I am trying to connect my app, running on one EC2 instance, to MongoDB, running on another EC2 instance. I'm pretty sure the problem is in the security settings, but I'm not quite sure how to handle that.

First off, my app's instance is in an autoscaling group that sits behind an ELB. The inbound security settings for the instance and ELB allow access to port 80 from anywhere, as well as all traffic from its own security group.

The EC2 instance that runs Mongo is able to take connections if the security group for that instance accepts all inbound traffic from anywhere. Any other configuration that I've tried causes the app to say that it cannot make a connection with the remote address. I've set rules to accept inbound traffic from all security groups that I have, but it only seems to work when I allow all traffic from anywhere.

Also, my db instance is set up with an elastic ip. Should I have this instance behind an ELB as well?

So my questions are these:

1) How can I securely make connections to my EC2 instance running mongo?

2) In terms of architecture, does it make sense to run my database this way, or should I have this behind a load balancer as well?

This issue is tripping me up a lot more than I thought it would, so any help would be appreciated.


I have also set the bind_ip= in /etc/mongo.conf


Your issue is that you are using the public elastic IP to connect to your database server from your other servers. This means that the connection is going out to the internet and back into your VPC, which presents the following issues:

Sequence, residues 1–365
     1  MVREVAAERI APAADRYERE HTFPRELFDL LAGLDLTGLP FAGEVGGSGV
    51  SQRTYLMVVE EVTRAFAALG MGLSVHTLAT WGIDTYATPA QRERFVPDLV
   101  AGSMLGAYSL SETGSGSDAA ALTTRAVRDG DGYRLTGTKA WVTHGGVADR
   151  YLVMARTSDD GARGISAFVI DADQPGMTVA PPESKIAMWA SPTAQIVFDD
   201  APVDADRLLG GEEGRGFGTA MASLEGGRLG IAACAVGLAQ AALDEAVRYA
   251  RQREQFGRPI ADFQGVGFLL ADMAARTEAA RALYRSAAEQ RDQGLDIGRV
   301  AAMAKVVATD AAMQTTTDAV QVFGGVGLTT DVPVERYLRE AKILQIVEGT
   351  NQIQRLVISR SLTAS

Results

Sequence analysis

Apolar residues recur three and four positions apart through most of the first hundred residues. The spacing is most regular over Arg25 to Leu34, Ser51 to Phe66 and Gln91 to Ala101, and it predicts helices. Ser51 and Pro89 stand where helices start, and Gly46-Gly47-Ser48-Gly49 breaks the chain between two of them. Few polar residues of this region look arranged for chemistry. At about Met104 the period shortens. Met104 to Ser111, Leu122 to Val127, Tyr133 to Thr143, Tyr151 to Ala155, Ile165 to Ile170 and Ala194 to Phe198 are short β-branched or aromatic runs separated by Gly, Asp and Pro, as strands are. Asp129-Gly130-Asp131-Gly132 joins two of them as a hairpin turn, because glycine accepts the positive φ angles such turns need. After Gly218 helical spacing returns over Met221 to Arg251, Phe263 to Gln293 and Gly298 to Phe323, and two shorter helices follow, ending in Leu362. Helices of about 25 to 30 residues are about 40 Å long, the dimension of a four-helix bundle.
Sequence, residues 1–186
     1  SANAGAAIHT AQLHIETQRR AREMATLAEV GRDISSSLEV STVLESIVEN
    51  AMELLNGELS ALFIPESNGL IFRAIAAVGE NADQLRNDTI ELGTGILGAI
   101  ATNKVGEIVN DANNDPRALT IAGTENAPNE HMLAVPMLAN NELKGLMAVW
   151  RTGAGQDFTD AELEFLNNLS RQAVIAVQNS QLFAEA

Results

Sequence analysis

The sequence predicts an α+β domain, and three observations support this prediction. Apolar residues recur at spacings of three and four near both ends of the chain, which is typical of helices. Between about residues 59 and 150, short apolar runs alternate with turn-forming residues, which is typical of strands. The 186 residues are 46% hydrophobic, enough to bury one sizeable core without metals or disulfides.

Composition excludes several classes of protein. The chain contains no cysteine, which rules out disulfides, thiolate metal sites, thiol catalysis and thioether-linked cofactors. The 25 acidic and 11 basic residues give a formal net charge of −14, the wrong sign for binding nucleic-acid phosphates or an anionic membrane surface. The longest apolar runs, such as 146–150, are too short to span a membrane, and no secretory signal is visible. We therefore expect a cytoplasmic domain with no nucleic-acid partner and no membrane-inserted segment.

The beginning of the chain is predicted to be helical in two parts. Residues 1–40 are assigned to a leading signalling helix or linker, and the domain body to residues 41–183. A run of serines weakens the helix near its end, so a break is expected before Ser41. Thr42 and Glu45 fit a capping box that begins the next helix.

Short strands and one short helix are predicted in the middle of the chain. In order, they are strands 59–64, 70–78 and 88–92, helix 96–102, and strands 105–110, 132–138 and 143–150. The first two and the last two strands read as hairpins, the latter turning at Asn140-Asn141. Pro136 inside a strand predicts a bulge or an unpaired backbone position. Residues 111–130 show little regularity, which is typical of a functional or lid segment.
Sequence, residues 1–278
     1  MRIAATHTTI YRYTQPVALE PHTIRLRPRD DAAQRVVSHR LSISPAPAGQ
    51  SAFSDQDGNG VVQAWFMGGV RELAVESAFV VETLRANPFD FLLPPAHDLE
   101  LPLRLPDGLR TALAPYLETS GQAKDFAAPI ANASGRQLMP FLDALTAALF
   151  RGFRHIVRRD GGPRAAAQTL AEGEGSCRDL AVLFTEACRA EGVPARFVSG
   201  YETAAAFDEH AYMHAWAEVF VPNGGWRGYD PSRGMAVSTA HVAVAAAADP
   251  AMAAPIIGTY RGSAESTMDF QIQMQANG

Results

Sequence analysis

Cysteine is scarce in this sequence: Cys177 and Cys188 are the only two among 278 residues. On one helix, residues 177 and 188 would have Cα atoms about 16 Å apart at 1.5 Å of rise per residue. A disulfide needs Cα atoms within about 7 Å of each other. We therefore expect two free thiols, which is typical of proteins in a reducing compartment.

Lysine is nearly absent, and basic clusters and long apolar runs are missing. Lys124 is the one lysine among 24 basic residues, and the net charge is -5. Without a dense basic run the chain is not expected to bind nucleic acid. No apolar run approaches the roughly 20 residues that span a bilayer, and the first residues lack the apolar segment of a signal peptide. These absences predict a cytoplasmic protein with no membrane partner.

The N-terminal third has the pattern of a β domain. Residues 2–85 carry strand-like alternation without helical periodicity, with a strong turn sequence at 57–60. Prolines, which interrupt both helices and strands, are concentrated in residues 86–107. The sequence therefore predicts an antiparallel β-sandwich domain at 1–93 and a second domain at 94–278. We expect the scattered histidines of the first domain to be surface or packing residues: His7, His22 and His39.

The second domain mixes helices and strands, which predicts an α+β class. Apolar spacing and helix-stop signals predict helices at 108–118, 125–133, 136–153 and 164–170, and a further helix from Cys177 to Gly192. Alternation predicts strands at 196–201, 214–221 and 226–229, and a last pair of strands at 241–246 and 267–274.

1. Security issues due to the data transmission not being contained within your VPC
  2. Network latency issues
  3. Your database server's security group can't identify the security group of the inbound connections

Get rid of the elastic IP on the MongoDB server, there is no need for it unless you plan to connect to it from outside your VPC. Modify your servers to use the private internal IP address assigned to your database server when creating connections to it. Finally, lock your security group back down to only allow access to the DB from your other security group(s).

Optional: Create a private hosted zone in Route53, with an A record pointing to your database server's private IP address, then use that hostname instead of the internal IP address.

Your Answer

By clicking “Post Your Answer”, you agree to our terms of service, privacy policy and cookie policy

Not the answer you're looking for? Browse other questions tagged or ask your own question.